BOOK II - The Falcon



Merlin knows as they head down the new path that there is something ahead of them to which he is being led, just like he new the falcon had led him to the cave back home. He he gets the scent of other horses, even before their own horses or Cadal sense it. He tells Cadal there is no trouble there and he moves on with or without his servant. Soon in a gap of the thick roof of pines, they come to two horses, one of which bears a white star as a blaze. He recognizes it as Belasius' horse and they are being watched by Ulfin, Bleasius' servant. This young boy is very afraid of Belasius and tries to avoid answering any questions Merlin asks him. Cadal demands that Ulfin tell them where Belasius is so they can use one of his horses to get home.

Suddenly they hear a scream of mortal fear. Merlin lashes his mare's reins and takes off. The mare leads him to another path, something that doesn't surprise Merlin at all. They follow it until Merlin hears chanting in the distance and now knows why Belasius told him to stay on the road and be home before dark. It also explains why Ulfin is so frightened. He slides from the saddle and begins to limp towards the sounds.


Once again, Merlin's Sight and the destiny set for him by his god are at work. He is being led through the forest to find whatever Belasisus was involved in for a reason yet to be revealed. He realizes he is not afraid, but instead excited to see what lies ahead.

New names in this chapter: Ulfin, Belasius' servant



The forest ends at the bay where Merlin sees what must be an island at high tide, but is now a peninsula joined to the mainland by a causeway of stones. The island, more of a hillock, is surrounded by standing stones and the mist seems to lie low around it. Soon, however, he comes to realize that what he thought was mist were many figures robed in white. He sees a separate figure in white, who is, no doubt, the leader, descend a flight of steps into the heart of the hill. Then, he hears the chanting stop, followed by a triumphant cry, not from the victim, but from the killer. The leader emerges and moves among the ranks of the other robed figures, raising his knife-blade upward just as the edge of the moon shows over the hill. He cries out again in an unmistakable cry of greeting and stretches his arm higher as if offering what held between his hands.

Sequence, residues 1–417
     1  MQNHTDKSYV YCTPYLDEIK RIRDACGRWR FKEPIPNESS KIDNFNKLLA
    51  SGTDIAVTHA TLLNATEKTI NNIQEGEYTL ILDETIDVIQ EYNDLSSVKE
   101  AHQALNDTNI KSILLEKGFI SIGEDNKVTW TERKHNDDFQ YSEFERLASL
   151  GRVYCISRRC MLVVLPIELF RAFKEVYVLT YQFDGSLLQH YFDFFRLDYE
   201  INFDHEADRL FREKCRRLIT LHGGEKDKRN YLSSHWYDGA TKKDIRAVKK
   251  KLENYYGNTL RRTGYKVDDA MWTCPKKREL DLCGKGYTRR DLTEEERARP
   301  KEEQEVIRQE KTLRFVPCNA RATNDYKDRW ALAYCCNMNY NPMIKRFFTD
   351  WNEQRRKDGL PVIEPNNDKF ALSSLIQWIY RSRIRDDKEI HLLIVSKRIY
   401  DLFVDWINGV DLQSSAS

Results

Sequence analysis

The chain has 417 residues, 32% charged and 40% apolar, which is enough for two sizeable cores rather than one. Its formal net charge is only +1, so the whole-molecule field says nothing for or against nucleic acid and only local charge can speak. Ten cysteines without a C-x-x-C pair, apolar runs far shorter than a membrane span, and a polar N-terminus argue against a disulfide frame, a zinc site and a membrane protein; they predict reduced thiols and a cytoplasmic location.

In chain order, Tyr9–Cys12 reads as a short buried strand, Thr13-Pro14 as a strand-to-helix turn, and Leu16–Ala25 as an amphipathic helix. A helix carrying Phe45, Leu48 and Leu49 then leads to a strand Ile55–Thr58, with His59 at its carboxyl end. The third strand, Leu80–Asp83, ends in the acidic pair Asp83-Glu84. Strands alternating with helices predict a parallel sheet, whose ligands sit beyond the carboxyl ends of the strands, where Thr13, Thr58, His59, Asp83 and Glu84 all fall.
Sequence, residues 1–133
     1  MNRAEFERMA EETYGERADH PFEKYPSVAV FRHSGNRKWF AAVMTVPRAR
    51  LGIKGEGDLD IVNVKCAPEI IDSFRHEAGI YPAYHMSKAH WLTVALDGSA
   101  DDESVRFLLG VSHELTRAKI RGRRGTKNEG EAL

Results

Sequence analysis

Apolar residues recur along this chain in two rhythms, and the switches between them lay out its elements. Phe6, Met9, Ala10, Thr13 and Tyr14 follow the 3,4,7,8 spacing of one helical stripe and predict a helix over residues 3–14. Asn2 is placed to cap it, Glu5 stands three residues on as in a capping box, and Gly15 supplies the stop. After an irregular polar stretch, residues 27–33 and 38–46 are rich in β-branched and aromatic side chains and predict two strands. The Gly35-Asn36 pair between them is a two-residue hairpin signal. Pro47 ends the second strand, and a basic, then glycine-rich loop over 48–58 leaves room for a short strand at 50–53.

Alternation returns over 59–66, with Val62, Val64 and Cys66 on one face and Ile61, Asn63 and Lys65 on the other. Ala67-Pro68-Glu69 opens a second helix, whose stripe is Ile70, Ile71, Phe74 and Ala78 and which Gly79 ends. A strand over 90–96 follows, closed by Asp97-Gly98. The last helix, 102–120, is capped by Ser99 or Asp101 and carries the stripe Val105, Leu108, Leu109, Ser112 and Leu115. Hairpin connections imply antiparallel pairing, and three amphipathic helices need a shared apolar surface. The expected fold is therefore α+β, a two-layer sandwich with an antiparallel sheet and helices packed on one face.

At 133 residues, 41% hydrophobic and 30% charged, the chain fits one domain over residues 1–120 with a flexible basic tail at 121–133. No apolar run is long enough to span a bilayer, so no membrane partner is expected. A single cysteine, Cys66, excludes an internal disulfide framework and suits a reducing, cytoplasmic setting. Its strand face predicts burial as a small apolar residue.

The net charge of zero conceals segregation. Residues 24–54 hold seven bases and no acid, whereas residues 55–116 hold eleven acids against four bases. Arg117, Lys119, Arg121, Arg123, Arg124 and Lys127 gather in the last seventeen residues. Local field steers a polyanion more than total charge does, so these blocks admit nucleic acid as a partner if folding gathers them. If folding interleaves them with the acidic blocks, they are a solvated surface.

Then, the crowd of white robes begins breaking apart and Merlin backs up further into his hiding place. He realizes that in these tension-filled moments he has ejaculated in an orgasmic reaction to the scene he has witnessed. He no longer feels powerful and realizes that this was not the force he was meant to receive and foster. He feels only shame and emptiness. He then sees that everyone has left the island on the boats that brought them there except for the leader who instead heads for the causeway. Merlin steps out of his hiding place to greet him.


The description of the island/peninsula is reminiscent of Mont-St.-Michel, an island/causeway that today sits off the coast of Brittany (Less Britain). It, too, is a hill, but today it is topped by an abbey and a church dedicated to St. Michael. It has been the spot of worship for thousands of years, including pagan religions. It is interesting to consider that human sacrifice may have taken place on the very spot where now sits a church. It is, however, true that Christians often built their churches on pagan spots to render that religion powerless.

Obviously, Merlin has witnessed a ceremony of human sacrifice in which the sacrifice is offered up to the moon. But his excitement in the midst of it makes him ashamed, a sign that his character has not been corrupted by what he has seen. He knows he was not meant to receive this force.

Cite this page:

Clapsaddle, Diane. "TheBestNotes on A Long Way Gone".